Jian Yoo constructs a world in which the boundaries of contradictions, such as tradition-contemporary, natural-artificial, human-machine, and ideal-reality, are broken down to coexist.

And the mother-of-pearl serves as the medium that symbolizes this harmony, while simultaneously bringing out visual texture as a material that allows the invisible and untouchable non-materialistic light to be seen and felt.

“In Between”
Her world of art is based on the diverse perspectives that she, herself, discovered and experienced being in between different environments and cultures. It is like a journey of guiding opposing relationships to complementary ones to form as one.

Her works reveal a kind of brilliance that can only be realized when thousands and thousands of small glimmers of light come together to form a whole. With the material being brought from nature, the artist focuses on respecting its unique qualities, while also highlighting them.
As the small pieces gather, one by one, what they complete within the art is temporality and connectivity. The flow of time embraced by the natural material, the handiness of master craftsmen honed by repetition, the depth of time they spent walking down this one path for many years, and the passage of searching for the most optimal path by communicating through repeated conflicts and reconciliations with countless adding and removing - these aspects are condensed into multi-layers of time to create high density within the art.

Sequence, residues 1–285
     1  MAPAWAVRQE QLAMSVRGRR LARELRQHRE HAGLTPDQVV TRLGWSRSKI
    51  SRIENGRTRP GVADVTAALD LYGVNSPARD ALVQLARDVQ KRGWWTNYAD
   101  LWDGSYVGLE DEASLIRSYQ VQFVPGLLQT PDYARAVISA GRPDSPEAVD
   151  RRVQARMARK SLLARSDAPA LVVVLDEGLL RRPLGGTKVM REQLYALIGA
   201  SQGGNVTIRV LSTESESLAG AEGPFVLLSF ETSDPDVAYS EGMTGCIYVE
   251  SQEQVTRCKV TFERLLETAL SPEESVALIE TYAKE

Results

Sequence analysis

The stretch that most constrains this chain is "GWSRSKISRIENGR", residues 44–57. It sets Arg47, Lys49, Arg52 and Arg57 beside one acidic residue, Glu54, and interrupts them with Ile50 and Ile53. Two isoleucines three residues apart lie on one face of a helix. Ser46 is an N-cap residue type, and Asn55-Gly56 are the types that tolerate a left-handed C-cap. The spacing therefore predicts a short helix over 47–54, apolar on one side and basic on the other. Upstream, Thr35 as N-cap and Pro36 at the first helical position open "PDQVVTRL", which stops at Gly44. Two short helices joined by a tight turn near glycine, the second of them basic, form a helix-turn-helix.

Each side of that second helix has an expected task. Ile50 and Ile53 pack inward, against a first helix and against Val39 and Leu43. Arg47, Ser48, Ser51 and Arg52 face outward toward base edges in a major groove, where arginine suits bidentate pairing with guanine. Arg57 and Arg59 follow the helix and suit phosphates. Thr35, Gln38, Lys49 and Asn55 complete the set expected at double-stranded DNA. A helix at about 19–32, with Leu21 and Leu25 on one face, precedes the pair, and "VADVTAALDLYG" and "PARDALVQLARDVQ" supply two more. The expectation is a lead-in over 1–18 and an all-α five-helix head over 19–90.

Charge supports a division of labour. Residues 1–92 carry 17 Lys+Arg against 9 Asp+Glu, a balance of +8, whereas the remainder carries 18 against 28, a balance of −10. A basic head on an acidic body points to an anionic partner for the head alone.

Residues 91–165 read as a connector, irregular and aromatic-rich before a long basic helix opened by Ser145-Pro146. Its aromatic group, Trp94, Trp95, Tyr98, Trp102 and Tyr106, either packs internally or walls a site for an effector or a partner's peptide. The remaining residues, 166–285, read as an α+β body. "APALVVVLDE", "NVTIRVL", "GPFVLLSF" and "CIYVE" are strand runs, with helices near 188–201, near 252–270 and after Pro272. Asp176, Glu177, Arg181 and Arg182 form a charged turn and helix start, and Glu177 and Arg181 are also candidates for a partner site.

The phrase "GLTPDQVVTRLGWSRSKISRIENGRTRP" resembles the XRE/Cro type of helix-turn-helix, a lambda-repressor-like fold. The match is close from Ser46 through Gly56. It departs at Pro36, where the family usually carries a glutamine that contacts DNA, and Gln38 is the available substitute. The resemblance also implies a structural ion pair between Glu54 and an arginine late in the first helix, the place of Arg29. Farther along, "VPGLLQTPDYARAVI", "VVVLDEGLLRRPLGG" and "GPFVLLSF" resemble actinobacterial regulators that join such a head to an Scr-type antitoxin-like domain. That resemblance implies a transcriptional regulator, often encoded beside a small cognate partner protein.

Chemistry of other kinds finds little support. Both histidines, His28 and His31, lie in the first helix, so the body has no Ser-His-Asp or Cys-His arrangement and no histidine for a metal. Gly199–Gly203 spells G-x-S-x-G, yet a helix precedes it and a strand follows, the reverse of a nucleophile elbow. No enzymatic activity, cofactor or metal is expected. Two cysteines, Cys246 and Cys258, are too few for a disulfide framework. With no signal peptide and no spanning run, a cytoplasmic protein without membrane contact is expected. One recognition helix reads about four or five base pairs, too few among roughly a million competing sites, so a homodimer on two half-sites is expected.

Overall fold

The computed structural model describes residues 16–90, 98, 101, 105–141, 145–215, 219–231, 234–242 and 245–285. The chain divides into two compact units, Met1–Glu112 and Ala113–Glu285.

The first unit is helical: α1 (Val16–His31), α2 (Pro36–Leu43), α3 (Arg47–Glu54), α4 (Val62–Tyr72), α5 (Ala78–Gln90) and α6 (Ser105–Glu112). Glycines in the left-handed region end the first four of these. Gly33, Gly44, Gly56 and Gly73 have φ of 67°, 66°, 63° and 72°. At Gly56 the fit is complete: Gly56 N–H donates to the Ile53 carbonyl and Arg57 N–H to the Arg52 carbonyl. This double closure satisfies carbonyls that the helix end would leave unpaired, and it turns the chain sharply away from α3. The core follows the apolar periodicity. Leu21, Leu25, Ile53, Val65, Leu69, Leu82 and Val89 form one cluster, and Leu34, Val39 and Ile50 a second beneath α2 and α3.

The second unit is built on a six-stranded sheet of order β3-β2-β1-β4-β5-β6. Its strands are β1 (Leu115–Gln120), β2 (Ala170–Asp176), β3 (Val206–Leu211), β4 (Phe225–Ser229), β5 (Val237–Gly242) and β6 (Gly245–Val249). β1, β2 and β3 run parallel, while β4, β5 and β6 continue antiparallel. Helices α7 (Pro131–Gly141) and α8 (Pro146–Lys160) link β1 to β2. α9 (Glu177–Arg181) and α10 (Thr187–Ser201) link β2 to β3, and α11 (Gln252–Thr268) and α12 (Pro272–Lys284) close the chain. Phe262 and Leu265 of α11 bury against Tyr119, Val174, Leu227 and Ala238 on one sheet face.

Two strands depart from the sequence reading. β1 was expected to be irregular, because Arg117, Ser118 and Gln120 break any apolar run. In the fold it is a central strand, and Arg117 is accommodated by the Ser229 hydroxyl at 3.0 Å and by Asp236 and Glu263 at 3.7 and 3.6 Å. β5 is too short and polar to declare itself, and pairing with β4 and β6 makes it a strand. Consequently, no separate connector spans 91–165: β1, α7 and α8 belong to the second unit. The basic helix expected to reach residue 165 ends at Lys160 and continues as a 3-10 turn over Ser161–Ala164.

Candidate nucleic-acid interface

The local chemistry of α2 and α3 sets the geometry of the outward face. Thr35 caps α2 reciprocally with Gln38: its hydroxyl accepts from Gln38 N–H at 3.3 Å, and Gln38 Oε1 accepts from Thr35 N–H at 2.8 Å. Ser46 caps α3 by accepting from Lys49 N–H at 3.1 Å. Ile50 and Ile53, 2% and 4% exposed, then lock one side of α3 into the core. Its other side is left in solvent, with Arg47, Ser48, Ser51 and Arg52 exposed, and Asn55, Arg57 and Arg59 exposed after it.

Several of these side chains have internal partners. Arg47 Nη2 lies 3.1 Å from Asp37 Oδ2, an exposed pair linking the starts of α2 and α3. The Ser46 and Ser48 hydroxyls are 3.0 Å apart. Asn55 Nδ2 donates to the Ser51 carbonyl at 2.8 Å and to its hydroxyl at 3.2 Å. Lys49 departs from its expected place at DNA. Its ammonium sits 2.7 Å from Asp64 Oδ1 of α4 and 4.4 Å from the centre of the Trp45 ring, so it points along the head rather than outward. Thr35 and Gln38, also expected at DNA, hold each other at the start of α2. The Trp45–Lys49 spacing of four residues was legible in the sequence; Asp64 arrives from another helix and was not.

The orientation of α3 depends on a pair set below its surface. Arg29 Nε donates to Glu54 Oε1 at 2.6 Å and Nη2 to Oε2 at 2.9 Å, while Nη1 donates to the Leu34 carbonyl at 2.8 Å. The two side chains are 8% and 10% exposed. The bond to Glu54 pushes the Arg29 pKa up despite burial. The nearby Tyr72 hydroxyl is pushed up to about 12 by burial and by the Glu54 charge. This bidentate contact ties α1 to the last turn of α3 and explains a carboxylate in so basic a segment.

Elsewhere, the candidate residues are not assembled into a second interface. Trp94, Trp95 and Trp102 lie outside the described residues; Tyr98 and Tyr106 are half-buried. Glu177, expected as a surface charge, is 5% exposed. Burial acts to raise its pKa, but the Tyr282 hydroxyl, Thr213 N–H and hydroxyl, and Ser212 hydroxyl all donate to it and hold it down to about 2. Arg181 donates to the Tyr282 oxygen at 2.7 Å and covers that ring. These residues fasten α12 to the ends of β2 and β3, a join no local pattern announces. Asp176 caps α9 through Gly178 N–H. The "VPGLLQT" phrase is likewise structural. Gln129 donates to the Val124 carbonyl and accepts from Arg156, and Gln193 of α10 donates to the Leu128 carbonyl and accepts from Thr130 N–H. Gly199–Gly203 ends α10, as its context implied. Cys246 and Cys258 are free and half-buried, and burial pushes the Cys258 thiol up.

“When you just see the strips just 1~2mm thin, it’s hard to fathom, but when the small pieces and lines gather, one by one, they form ocean waves and radiant flowers in bloom and reveal a brilliant shine that’s commonly talked about. I say that I communicate with the materials, but there are many limitations in dealing with materials especially from nature. Depending on the environment, the way the mother-of-pearl responds is different, so there’s a need for many conversations and sensibility while working on the craft. You can say it’s the process of adjusting and finding the point of contact.” This is also the reason why of the many ways she can handle the material, she prefers thinly cutting the pieces and attaching them one by one wherever the hand goes.

She doesn’t separate between abstraction and conception, craft and art, nor does she get tied down to any specifics or establish boundaries. Rather than using just one form, working with various media, like painting, objects, and art furniture, actually challenges her, creates and shares a connection between the mediums, and becomes the motivation to expand her world of art.

For more information, please visit ARIJIAN Studio.
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